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ears, sir.

Corb. 'Tis true.

And all turns air! Who's that there, now? a Mos. Yes, sir

third? Corb. I thought on that too. See how he

(Another I nocks.) should le Mos. Close to your couch again: I hear his

voice. The very organ to express my thoughts! Mos. You are he,

It is Corvino, our spruce merchant. For whom I labour, here.

Volp. Dead.

Mos. Another bout, sir, Corb. I, do, do, do:


your eyes.

Who's there? I'll straight about it.

Mos. Rook go with you, raven.
Corb. I know thee honest.
Mos. You do lie, sir

Corvino, a Merchant, enters.
Corb. And
Mos. Your knowledge is no better than your Mos. Signior Corvino! come most wisht fir!

0, Corb. I do not doubt to be a father to thee. How happy were you, if you knew it now! Mos. Nor I to gull my brother of his bless- Corv. Why? what? wherein ?


Mos. The tardy lour is come, sir. Corb. I may ha' my youth restored to me, Corv. He is not dead?

why not?

Mos. Not dead, sir, but as good; Mos. Your worship is a precious ass

He knows no man. Corb. What saist thou?

Corv. How shall I do then? Mos. I do desire your worship to make haste, Mos. Why, sir?


Corv. I have brought him here a pearl. Corb. ”Tis done, 'tis done, I go. (Exit.) Mos. Perhaps he has Volp. O, I shall burst;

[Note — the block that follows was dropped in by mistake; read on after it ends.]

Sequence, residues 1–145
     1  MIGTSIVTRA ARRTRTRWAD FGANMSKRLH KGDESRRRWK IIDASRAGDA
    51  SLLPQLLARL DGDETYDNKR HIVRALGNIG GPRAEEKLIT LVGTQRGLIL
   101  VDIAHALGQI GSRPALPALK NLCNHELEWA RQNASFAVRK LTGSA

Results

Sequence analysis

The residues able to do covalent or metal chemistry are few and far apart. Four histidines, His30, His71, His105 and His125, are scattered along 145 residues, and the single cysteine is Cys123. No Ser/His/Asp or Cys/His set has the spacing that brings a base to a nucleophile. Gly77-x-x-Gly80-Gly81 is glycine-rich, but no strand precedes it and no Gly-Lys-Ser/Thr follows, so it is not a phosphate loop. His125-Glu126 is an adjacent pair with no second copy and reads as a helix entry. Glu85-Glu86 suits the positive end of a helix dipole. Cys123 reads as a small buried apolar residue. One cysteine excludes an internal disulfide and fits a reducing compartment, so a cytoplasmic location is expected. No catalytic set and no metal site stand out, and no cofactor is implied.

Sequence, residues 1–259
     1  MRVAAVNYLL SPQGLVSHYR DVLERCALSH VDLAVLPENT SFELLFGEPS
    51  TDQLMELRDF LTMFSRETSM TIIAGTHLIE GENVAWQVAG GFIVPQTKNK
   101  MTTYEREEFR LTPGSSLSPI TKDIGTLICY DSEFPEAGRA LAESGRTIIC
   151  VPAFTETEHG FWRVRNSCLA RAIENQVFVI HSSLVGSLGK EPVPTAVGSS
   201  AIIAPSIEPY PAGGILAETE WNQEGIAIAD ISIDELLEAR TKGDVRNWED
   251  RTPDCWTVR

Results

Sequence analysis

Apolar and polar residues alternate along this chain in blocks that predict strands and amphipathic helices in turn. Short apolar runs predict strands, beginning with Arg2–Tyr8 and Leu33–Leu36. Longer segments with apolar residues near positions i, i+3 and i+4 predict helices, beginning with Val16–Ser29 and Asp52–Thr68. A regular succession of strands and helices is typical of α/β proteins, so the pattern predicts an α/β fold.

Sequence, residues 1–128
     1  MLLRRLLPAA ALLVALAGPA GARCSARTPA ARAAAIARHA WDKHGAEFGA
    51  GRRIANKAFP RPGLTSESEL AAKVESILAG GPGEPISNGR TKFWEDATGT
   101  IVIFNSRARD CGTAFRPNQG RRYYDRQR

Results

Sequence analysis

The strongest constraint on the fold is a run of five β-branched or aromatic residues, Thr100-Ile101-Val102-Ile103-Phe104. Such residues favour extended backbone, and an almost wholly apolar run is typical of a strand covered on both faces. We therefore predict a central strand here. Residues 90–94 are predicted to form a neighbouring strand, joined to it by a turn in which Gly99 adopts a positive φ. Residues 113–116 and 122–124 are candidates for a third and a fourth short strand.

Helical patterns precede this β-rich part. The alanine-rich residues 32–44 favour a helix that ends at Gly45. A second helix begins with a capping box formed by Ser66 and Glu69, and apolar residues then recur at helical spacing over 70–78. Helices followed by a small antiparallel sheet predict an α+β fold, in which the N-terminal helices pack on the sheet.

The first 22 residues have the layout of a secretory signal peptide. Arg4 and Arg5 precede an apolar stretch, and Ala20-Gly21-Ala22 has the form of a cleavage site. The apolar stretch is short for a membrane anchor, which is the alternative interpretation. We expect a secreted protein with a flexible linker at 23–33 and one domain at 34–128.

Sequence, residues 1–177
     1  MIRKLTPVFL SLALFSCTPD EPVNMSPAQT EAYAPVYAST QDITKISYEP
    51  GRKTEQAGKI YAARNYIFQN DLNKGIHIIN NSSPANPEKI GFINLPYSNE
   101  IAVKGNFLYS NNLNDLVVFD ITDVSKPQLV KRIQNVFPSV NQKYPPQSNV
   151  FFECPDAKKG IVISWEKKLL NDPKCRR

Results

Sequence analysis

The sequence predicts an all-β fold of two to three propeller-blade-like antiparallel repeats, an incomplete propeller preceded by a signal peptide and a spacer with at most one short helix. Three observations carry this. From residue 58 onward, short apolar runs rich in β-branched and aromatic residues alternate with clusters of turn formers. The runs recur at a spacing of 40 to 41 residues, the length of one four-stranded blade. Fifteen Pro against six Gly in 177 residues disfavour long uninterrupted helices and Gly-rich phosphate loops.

So much remembrance left, as to know you, sir: Let out my sides, let out my sides

He still calls on you: nothing but your name Mos. Contain

Is in his mouth: is your pearl orient, sir? Your flux of laughter, sir: you know this hope Corv. Venice was never owner of the like. Is such a bait it covers any hook.

Volp. Signior Corvino.
Volp. O, but thy working, and thy placing it! Mos. Hark.
I cannot hold: good rascal, let me kiss thee: Volp. Signior Corvino.
I never knew thee in so rare a humour.

Mos. He calls you, step and give it him. Mos. Alas, sir, I but do, as I am taught;

He's here, sir? Follow your grave instructions; give 'em words: And he has brought you à zich pearl. Pour oil into their ears: and send them hence.

Corv. How do you, sir?

Tell him it doubles the twelfth caract. Volp. 'Tis true, 'tis true. What a rare

Mos. Sir, punishment

He cannot understand, his hearing's gone; Is avarice to itself!

And yet it comforts him to see you
Mos. I, with our help, sir.

Corv. Say,
Volp. So many cares, so many maladies, I have a diamond for him too.
So many fears attending on old age,

Mos. Best shew't, sir,
Yea, death so often callid on, as no wish Put it into his hand; 'tis only there
Can be more frequent with 'em; their limbs faint, He apprehends: he has his feeling yet.
Their senses dull, their seeing, hearing, going, See how he grasps it!
All dead before them; yea their very teeth, Corv. 'Las, good gentleman!
Their instruments of eating, failing them: How pitiful the sight is!
Yet this is reckon'd life! Nay here was one, Mos. Tut forget, sir.
Is now gone home, that wishes to live longer! The weeping of an heit should still be laughter,
Feels not his gout, nor palsy, feigns himself Under a visor.